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"Sludge production in the treatment process"



 

I'm working in a treatment plant for plating (of all kind Al, Zn, Cr, Ni,...)waste water. We also deal with waste water from the preparation of metallic material to be painted with powder. We are using lime in the treatment so we produce a big quantity of sludge. Are there any techniques or chemicals I can use to decrease the sludge production?

Milton Fontes
- Aveiro, PORTUGAL
^


 

You will generate substantially less sludge if you neutralize with caustic soda instead of lime. But everything has its trade-offs, and caustic soda is a bit more hazardous to handle and generally less effective as a precipitant, so you would probably have to add calcium chloride or ferrous sulphate to maintain good precipitation.

Ted Mooney, finishing.com
Ted Mooney, P.E.
Striving to live Aloha
finishing.com - Pine Beach, New Jersey
^


 

Milton,

Using lime is going to obviously precipitate out any of the metal species in solution if you take the pH high enough. The only way to reduce the amount of precipitate sludge is to remove the metal species by another process. Depending on which metals are present it may be possible to plate them out as a valuable product down to very low ppm levels in discharge to the treatment plant. This would cut down precipitate volumes and possibly produce a saleable product depending on flowrates and metal concentrations.

Peter Becker
-Ashmore, Qld, Australia
^


 

Thank you for answering my letter! Keeping on this subject, I'm thinking on: Stepwise addition of neutralizing chemicals, CAUSTIC SODA in the equalization/neutralization tank and just a little bit of lime on the coagulation tank. The stepwise addition gives me a better control over the pH. The addition of lime besides neutralizing helps on the coagulation. I think that this amount of lime would't be enough, so I'm thinking on recirculating some of the sludge (after sedimentation) back to the coagulation tank. Do you think this is a good aproach to the problem?

Mr. Peter Becker wrote about saleable products. Is there a market for 98%Al(OH)3 dry sludge?

Thank you,

Milton Fontes
- Aveiro, PORTUGAL
^


 

The most marketable products that I can suggest are those of metal powder or plate product should they be recoverable from the given solutions. There may in fact be a market for intermediate hydroxides however I would presume that selling prices would be significantly reduced over metal.

Peter Becker
- Ashmore, Qld, Australia
^


 

There are several types of chemical precipitants that are available that can reduce sludge production in metal finishing waste streams by 70-80 or more. Most of these involve the use of a thiol reduction ion, many use DTC, many use forms of inorganic sulfides and organic sulfides. There is an extreme amount of concern about the use of dimethyl DTC and its toxicity in the breakdown products. It is a significant pollution source in the US coming through municipal treatment facilities, and it is now being found in ever increasing concentrations in groundwater in areas where there were a high quantity of industrial dischargers thatused it.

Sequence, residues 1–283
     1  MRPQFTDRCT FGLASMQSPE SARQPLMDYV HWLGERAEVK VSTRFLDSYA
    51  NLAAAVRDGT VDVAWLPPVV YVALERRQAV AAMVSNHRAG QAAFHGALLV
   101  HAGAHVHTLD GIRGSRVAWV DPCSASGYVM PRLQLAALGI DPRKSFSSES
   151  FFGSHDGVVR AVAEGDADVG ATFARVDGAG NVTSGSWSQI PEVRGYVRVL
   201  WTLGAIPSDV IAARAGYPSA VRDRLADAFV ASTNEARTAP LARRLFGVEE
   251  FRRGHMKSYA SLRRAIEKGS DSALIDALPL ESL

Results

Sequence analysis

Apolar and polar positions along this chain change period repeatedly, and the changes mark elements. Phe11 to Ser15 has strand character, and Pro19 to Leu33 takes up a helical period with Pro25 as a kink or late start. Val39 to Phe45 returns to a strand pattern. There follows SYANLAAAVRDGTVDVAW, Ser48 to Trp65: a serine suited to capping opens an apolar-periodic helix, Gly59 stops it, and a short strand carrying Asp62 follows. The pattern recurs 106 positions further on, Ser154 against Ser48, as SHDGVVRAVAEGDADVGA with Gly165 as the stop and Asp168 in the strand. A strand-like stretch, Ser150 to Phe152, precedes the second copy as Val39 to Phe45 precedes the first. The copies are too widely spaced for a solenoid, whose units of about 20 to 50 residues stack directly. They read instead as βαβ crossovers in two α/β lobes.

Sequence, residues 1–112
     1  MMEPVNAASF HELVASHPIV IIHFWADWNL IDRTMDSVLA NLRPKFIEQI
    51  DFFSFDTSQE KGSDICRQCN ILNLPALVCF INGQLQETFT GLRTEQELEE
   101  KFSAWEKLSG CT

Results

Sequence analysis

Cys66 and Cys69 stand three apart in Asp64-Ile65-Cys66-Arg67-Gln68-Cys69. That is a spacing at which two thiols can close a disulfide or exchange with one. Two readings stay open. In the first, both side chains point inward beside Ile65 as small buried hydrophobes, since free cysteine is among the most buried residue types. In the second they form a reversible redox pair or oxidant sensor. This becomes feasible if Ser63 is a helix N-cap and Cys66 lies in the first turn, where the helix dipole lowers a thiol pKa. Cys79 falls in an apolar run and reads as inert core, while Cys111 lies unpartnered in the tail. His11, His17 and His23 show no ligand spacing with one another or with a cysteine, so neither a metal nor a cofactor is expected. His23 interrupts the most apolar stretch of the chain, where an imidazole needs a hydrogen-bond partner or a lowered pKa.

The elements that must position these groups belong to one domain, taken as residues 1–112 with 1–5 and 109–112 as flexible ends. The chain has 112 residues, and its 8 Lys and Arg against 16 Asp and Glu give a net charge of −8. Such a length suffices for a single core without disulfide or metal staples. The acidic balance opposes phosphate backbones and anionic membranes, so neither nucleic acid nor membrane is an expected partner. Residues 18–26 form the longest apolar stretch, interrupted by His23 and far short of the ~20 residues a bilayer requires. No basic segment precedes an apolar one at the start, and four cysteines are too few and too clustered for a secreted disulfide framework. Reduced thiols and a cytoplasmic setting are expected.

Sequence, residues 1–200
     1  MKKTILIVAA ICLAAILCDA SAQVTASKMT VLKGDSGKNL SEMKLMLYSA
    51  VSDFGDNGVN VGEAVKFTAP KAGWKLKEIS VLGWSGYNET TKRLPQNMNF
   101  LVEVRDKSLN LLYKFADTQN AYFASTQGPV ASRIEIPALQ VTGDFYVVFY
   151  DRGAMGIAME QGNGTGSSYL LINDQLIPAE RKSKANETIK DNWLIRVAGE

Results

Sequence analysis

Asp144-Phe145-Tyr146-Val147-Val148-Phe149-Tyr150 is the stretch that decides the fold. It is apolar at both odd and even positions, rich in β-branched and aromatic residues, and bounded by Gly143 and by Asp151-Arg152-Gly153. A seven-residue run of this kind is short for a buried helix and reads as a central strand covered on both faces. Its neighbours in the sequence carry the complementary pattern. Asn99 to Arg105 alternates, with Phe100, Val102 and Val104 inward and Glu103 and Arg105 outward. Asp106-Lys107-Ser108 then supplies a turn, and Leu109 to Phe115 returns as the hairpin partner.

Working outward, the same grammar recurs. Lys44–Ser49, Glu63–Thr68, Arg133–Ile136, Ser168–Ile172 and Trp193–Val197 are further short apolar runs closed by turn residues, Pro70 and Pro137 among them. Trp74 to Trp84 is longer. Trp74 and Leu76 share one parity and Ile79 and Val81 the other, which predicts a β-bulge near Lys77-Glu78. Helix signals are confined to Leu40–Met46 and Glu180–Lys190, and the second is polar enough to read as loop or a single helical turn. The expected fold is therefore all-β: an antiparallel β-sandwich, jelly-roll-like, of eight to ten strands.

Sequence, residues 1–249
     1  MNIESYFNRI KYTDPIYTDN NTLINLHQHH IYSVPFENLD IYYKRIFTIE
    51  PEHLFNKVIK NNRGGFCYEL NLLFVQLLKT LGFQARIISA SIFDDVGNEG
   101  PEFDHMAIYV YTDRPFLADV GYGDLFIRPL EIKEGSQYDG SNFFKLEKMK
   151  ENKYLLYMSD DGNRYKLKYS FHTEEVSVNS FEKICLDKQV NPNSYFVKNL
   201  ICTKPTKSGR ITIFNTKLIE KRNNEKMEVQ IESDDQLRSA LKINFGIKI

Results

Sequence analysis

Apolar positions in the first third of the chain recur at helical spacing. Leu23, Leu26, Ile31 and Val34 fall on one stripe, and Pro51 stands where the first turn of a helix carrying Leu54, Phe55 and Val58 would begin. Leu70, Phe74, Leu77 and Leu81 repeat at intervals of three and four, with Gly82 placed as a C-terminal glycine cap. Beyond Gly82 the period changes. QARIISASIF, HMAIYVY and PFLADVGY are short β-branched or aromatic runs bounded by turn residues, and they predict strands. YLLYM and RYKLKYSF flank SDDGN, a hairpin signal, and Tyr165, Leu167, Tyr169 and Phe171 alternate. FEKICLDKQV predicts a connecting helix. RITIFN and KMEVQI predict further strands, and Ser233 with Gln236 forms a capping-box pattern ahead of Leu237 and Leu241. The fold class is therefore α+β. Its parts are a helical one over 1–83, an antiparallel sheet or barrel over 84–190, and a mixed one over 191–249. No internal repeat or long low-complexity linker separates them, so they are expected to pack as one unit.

There is a patented material called Thiol-Red that has some unique capabilities, such as being able to work at near neutral pH values effectively while still dropping metals to the low part per billion range. You would normally need to use some form of a coagulant to ensure good settling, however this is dependent on the presence of other ions in the water. Aluminum, since you asked, really doesn't react with the precipitant, so if it is present in high quantities, you will likely eliminate much of that solids volume. I believe there is a European source for it.

One other point: You could possibly get your metals to a sufficient concentration in the sludge that you might have some nominal value for it. We have a client in Phoenix, Arizona that is using the material, and he has gotten the copper in his sludge up to almost 5% by weight. Previously, it was less than 1%. He is giving it away to a smelter - they pay the freight. Saves him almost US$40,000 annually, and the chemical only costs him around $25,000. His total waste water discharge in 2001 was over 21 million gallons, and his average TOTAL metals in the water was 0.050 mg/L.

tom baker
Tom Baker
wastewater treatment specialist - Warminster, Pennsylvania
^


 

I think crystallisation is the option for you. Instead of water-rich sludge, pellets are produced which are dried to the atmosphere without any sludge treatment. The technique has proven itself for metal removal, fluoride, hardness, phosphate etc.

Robert de Boer
- The Netherlands
^

none

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